Ariana Grande’s third album has fortified her powerhouse diva status, although she hasn’t quite become the dangerous vixen yet.
Four years and 3 albums later, it’s clear by now that Ariana Grande has an outsize talent.
The former Nickelodeon babe has way more impressive singing chops – both technically and emotionally – than all her teen star contemporaries. Her vocal dexterity means she can take on many genres from pop, reggae, R&B to EDM. Her music career will also likely outlast that of her peers as long as she continues to be backed by the likes of Max Martin and other master hooksmiths behind Billboard hits.
The question is: Does Grande have the force of personality to sustain the limelight on her vocal talent? That’s probably what the team behind her are working hard on.
From Britney Spears, Christina Aguilera, Miley Cyrus to Selena Gomez, teen stars often have to turn “bad” to prove they’ve grown up. Down the same path is Grande, who joined showbiz at sweet 15. Her wholesomeness also made way for more “personality” as waves of bad press on her diva antics started surfacing to accompany the release of her sophomore album My Everything (2014).
Now that she’s 23 and has pulled off both the nice-girl and bad-girl image, her next best, and safest thing to try, ironically, is to be a “Dangerous Woman” –going by standard pop diva manufacturing norms. Hence, we hear Grande singing to more lascivious and coquettish lines in the new album. We also see Grande swapping her signature ponytail for a more sensual look by letting down more of her luscious hair in her new and raunchier music videos.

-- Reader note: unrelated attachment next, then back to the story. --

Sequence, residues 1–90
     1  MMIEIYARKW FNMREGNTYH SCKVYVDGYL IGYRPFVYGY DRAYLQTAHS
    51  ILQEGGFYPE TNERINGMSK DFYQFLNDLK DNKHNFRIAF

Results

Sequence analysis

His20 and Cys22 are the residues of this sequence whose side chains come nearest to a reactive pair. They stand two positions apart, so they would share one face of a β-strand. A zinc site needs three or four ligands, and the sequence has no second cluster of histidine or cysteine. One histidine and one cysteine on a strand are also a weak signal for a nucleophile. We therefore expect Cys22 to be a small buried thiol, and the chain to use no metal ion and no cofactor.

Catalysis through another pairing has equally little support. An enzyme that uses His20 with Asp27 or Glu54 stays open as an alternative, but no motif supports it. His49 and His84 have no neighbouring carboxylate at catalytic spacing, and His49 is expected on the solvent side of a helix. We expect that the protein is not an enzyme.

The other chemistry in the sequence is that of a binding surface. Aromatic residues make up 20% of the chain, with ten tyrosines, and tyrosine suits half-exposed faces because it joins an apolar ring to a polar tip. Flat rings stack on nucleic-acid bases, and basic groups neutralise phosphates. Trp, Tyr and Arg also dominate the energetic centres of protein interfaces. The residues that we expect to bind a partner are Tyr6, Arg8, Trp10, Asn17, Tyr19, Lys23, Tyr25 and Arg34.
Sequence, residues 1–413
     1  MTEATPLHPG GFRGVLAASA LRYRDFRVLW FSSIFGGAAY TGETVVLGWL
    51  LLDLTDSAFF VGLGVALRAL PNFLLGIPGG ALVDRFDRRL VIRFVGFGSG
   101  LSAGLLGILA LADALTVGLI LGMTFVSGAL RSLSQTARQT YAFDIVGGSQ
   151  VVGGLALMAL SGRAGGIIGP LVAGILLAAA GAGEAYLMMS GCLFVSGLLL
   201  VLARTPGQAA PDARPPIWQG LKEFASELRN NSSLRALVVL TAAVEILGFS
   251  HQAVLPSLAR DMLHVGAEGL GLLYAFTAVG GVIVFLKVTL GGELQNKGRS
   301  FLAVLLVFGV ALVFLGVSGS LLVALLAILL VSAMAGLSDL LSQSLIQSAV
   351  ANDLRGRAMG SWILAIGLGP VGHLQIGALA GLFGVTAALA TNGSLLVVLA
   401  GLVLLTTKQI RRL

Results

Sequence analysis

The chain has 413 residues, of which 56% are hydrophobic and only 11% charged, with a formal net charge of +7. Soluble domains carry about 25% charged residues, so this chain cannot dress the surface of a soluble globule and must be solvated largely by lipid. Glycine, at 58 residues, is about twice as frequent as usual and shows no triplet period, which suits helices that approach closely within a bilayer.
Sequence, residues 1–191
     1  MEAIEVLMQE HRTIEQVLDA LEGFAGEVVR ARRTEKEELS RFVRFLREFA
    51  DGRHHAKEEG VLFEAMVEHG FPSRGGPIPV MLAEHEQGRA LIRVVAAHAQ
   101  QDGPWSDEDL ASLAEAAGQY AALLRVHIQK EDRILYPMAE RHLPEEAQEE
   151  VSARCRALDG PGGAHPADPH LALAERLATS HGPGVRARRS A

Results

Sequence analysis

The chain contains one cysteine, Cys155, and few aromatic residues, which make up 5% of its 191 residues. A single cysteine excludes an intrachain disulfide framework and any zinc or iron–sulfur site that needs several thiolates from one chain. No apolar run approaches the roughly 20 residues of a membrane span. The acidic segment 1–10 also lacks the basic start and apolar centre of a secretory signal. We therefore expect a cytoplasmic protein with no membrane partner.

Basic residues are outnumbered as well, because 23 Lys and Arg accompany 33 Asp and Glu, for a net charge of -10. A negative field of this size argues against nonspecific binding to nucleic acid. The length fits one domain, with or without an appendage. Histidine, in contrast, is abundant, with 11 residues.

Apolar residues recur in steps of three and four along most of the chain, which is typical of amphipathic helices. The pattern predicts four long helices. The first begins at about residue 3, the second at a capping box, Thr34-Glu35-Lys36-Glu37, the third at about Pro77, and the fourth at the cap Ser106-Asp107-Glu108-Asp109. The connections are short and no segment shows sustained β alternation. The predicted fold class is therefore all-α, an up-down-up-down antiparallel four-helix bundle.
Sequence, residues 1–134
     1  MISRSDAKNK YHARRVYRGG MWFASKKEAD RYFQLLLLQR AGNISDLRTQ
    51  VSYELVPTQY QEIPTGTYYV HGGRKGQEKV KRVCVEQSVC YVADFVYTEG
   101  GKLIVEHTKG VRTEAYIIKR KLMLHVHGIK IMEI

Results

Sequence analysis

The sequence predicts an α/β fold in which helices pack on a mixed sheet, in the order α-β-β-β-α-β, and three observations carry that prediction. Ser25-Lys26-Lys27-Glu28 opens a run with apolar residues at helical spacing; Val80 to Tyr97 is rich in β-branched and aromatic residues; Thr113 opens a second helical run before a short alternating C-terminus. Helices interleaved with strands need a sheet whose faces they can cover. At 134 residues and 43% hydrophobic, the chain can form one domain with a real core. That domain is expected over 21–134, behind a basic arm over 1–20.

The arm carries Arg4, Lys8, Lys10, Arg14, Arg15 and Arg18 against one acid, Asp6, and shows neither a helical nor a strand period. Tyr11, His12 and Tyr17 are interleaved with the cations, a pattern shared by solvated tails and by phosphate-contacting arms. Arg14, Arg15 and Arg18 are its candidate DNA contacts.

If My Everything is about a love-hungry woman who’s eager to please (“Why Try”, “One More Time”), Dangerous Woman seeks to present a sex-hungry woman who’s eager to be pleased (“Everyday” and “Side to Side”). Grande has no problem teasing and flirting with her insanely expressive voice that stretches 4 octaves. But she still looks and sounds too youthful to be “dangerous”. At times it feels as though she’s rushed to be a symbol of licentiousness before she’s even outgrown her innocence.
But that is not to say that Dangerous Woman is a failed experiment. It is still a commendable record with spectacular sounds – one that has safely cemented Grande’s passage from a pop princess to a powerhouse diva.
Below are some of our favourite tracks from the 15-track album. Enjoy!
- “Moonlight”: The retro 50s inspired track features great arrangement with clean violin plucking and gentle vocal harmonies.
- “Dangerous Woman”: The title track is reminiscent of The Weeknd’s “Earned It”. It has a unique rock influence with a killer guitar solo.
- “Sometimes”: It has a charming beat with chill guitar strumming accompanied by a calming “la la la” chorus hook.
- “Leave Me Lonely” featuring Macy Gray: We like how Gray’s raspy voice blends with Grande’s youthful and soulful vocals in this retro track, which also features a great use of synthesizers, violin and piano.
- “Side to Side” featuring Nicki Minaj: The dance reggae pop fusion track is one catchy number that makes addictive listening. Minaj’s self-affirming verses are predictable but this collaboration still stands out compared to more lacklustre ones featuring Future and Lil Wayne.
Lyric video credits to Audio and lyric Vevo